Good luck and let me know if I can answer any independent startup questions for you.

I second everything Axecleaver said, with slightly modified numbers. I left my $90k/year software developer job a year ago and am currently on track to book $200k for the year, working about 20-30 hours per week. We had a 5 month personal stash when I started and so far haven't had to dip into it. There were a couple of points where I had to tap the business stash due to poor timing, but things have worked out well otherwise.

I want to emphasize that you should have your personal "job loss" stash as well building a business-level "late payment" stash. Just having those two levels of emergency fund has brought quite a lot of tranquility to our household.

Also, retainer clients are awesome for peace of mind. My main source of income is a pair of retainer clients that pay me on time every month without even needing to be invoiced. I would like to spread that out between more than two because having 80% of my revenue from one client makes it feel more like a job than a consulting gig, but I'm not going to complain too much.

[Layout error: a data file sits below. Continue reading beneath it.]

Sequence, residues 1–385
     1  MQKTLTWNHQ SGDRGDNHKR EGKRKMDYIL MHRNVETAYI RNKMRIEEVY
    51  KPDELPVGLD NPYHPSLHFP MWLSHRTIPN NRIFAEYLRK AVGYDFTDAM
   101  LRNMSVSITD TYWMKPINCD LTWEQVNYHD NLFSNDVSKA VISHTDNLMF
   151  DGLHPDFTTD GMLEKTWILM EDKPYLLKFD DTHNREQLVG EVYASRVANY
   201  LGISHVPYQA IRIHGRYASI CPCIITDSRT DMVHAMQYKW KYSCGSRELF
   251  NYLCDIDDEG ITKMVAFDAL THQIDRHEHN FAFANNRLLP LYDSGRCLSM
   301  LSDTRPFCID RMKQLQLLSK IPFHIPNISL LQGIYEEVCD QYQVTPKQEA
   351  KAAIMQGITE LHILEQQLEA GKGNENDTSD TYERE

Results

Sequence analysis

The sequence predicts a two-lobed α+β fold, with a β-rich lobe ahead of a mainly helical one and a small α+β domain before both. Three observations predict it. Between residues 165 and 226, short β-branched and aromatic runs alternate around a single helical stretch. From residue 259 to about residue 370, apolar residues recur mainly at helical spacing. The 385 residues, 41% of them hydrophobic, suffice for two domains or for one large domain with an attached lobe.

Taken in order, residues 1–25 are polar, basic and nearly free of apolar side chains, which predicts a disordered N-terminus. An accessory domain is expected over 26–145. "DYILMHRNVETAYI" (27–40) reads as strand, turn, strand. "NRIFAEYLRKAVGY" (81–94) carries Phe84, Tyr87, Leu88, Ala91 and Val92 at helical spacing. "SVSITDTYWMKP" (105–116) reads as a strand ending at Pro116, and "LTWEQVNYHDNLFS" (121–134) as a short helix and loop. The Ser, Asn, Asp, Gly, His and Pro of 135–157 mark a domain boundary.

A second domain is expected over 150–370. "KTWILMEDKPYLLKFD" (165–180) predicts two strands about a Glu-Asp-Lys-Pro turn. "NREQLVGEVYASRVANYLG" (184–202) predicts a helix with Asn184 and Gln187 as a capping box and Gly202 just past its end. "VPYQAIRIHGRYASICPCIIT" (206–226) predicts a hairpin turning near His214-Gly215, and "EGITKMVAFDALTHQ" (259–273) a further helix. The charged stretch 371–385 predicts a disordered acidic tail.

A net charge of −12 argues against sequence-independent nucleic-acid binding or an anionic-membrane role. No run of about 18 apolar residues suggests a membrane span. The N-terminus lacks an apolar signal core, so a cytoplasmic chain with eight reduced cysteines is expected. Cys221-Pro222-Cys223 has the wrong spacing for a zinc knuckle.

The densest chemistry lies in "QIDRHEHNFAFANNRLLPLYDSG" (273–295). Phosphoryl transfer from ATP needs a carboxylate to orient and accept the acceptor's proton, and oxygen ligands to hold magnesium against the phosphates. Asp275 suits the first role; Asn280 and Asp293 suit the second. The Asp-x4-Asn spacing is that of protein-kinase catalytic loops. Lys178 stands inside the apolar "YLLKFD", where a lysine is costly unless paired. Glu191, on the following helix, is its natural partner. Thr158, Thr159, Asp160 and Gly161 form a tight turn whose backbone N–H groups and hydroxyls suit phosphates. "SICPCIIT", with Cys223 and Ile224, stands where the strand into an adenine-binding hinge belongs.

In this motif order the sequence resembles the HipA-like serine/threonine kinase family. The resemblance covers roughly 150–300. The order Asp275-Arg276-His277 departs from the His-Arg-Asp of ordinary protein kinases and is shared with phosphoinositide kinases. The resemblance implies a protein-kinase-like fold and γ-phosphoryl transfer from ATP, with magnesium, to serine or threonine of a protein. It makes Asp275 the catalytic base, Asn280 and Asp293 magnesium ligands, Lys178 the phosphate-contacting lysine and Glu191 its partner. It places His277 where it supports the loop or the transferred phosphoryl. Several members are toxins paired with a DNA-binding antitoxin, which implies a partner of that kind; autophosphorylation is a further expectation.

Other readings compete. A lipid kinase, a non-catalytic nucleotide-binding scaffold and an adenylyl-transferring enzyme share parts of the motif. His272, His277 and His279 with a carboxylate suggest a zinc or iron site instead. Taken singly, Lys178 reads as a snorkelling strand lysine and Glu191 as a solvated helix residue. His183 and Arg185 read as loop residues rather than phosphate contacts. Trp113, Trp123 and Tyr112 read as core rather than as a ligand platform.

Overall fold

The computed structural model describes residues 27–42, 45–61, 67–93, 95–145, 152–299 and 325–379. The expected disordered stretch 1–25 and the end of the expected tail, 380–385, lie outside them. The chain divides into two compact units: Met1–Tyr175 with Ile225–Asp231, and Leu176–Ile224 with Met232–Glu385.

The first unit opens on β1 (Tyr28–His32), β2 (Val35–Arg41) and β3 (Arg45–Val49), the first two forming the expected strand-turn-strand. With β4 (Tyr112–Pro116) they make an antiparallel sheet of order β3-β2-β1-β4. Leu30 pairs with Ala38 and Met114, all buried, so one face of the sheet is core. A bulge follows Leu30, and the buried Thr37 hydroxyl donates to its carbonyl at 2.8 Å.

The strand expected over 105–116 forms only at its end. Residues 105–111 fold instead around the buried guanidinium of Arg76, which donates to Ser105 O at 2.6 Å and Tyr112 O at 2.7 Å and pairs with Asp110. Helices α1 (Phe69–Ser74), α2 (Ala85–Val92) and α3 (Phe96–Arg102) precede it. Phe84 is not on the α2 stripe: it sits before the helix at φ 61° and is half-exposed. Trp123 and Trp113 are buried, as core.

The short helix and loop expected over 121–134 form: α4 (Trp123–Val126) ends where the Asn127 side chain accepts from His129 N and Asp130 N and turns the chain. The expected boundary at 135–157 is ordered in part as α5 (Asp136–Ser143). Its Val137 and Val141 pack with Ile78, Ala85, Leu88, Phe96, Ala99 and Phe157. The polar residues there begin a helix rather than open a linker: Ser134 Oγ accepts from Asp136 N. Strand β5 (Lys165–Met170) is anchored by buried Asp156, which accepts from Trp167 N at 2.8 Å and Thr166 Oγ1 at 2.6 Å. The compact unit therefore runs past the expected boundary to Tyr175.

Sassy

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Re: Making the jump to self-employment
« Reply #7 on: September 14, 2015, 02:41:17 PM »
Hello All,
Thanks for taking the time to respond, to answer a few questions, I would be making the jump to something not in my current field, it's more buy and sell (not MLM though).

DH and I talked on the weekend about the possibility of me going down to part time here(if possible, I'm not sure yet I have to talk to my boss) and then using the rest of the time that dd is in daycare to build the business, start up costs are low so no worries there, and then just quitting once the growth is enough.
Right now I am just working on it when dd is in bed at night, as that is the only time I have to do it.

dh did clear and organize a nice work space for me on his last day off though, so I think we are moving forward, however slowly.

Fishindude

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Re: Making the jump to self-employment
« Reply #8 on: September 14, 2015, 03:01:34 PM »
Myself and a couple partners went on the hook with the owner of an existing business and bought it on contract.   Learned a lot in the last 30+ years and am thankful I made that decision every day.  If you really want to build some serious wealth, running your own show is about the only way to go.